New research from Bangor University has shown that exercise training alone does not lead to weight loss in women.
Publication date: 15 November 2017
Participants in this year’s Snowdon Marathon (28 October), described as one of Europe’s toughest, have been invited to help with research at Bangor University’s School of Sport Health & Exercise Sciences.
Exercise physiologists at the School want to identify why some runners appear to be more susceptible to falling ill or feeling poorly after running a marathon or taking part in other endurance activities, while others remain well.
Publication date: 28 October 2017
Sports psychologists from Bangor University have teamed up with Manchester City Football Club to identify and understand the psychological characteristics that help young academy players to fulfil their potential.
Over the next four years, Manchester City’s academy players will be tracked as part of this unique research project. City’s coaches have already identified the psychological characteristics that they believe are key to talent development, and these will be monitored and regularly assessed. The extent to which they predict improvements in performance levels during this time will be evaluated.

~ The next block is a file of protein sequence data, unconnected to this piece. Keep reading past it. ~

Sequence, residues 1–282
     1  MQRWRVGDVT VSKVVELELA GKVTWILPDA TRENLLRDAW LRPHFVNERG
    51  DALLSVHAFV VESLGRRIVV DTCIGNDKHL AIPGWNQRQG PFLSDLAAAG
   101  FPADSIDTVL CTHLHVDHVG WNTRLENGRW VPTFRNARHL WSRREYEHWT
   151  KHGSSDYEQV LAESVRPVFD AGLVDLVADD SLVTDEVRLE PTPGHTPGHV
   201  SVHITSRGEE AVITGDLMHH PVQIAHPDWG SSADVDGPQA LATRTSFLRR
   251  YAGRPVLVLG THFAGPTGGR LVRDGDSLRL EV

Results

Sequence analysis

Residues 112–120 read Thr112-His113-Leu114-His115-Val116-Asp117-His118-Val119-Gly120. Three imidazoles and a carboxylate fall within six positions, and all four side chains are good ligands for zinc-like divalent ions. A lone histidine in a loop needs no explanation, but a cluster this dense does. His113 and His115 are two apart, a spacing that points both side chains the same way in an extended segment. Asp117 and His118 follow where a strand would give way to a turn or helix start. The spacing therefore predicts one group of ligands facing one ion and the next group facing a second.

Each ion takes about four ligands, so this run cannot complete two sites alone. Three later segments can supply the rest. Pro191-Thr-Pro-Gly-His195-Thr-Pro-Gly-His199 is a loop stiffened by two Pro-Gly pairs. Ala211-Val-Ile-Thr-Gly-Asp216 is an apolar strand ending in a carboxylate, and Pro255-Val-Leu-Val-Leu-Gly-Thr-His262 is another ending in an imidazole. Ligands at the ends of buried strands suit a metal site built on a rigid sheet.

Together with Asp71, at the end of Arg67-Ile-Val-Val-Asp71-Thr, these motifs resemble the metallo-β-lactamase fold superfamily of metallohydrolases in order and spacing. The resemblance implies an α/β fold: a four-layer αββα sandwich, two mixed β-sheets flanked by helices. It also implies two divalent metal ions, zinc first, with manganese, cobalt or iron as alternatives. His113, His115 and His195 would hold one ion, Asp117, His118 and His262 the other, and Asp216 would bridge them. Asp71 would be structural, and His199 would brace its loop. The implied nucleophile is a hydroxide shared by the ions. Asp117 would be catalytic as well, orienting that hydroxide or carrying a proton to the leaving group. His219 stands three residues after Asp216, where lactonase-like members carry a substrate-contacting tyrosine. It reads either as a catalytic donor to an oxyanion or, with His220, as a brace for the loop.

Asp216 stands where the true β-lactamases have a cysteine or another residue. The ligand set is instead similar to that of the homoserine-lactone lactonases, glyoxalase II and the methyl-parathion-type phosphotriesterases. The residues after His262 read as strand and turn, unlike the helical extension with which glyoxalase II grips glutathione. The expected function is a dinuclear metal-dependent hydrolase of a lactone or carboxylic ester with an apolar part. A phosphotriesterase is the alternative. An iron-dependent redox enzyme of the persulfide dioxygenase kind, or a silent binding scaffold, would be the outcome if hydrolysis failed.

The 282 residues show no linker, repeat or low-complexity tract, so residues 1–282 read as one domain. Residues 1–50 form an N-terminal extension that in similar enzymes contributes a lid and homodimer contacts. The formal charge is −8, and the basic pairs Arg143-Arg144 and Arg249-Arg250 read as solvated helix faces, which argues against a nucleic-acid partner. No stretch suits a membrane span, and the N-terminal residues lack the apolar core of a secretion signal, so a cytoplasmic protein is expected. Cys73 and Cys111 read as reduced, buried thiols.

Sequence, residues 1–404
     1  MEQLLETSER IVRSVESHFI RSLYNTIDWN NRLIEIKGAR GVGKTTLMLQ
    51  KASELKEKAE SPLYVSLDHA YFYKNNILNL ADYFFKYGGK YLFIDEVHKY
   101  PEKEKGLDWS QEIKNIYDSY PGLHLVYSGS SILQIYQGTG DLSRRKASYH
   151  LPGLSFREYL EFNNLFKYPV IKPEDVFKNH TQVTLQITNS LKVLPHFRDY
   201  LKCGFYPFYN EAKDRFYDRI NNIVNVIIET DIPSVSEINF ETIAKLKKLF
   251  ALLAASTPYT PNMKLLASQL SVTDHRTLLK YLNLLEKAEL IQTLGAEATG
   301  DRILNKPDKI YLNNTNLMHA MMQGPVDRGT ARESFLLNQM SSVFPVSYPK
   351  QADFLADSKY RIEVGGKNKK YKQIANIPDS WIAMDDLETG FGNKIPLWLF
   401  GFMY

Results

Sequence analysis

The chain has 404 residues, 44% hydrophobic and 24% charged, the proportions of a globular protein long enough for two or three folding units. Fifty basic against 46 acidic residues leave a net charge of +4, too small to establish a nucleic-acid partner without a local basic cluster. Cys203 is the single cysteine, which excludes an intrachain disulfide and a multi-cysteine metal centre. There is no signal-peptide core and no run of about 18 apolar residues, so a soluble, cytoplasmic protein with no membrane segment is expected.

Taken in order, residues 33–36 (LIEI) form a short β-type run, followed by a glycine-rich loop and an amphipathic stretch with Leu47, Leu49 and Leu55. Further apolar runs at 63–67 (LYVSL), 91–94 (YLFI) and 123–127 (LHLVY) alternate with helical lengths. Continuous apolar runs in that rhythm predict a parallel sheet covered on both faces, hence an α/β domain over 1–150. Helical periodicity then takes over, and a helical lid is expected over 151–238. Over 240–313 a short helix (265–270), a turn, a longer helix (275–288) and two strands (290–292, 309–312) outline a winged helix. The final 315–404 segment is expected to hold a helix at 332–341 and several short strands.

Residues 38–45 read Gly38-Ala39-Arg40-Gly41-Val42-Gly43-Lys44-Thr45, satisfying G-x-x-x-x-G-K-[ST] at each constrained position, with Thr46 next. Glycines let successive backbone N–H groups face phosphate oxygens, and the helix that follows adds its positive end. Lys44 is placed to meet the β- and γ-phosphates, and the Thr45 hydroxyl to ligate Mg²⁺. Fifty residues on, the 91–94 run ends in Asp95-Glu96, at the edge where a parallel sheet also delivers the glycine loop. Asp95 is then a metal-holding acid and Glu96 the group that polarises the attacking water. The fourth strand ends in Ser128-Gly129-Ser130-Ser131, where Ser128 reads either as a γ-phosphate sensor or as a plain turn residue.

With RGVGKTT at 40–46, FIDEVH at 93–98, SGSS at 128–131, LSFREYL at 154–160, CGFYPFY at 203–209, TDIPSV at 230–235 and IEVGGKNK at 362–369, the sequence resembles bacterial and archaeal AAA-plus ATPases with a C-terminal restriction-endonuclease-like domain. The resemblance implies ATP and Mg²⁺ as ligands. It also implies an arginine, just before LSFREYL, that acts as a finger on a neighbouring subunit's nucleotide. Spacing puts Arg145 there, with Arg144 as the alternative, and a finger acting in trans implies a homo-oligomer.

Publication date: 20 October 2017
My friend, Joe Weghofer, is a keen surfer, so when he was told he’d never walk again, following a 20ft spine-shattering fall, it was just about the worst news he could have received. Yet, a month later, Joe managed to stand. A further month, and he was walking. Several years on, he is back in the water, a board beneath his feet. Joe has what people in the field of positive psychology call “grit”, and I believe surfing helped him develop this trait.
Publication date: 20 July 2017
Have you ever felt 100% confident in your ability to complete a task, and then failed miserably? After losing in the first round at Queen’s Club for the first time since 2012, world number one tennis player, Andy Murray, hinted that “overconfidence” might have been his downfall. Reflecting on his early exit, Murray said: “Winning a tournament is great and you feel good afterwards, but you can also sometimes think that your game is in a good place and maybe become a little bit more relaxed in that week beforehand.”
This article by Stuart Beattie, Lecturer of Psychology, Bangor University and Tim Woodman, Professor and Head of the School of Sport, Health and Exercise Sciences, Bangor University was originally published on The Conversation. Read the original article.
Publication date: 23 June 2017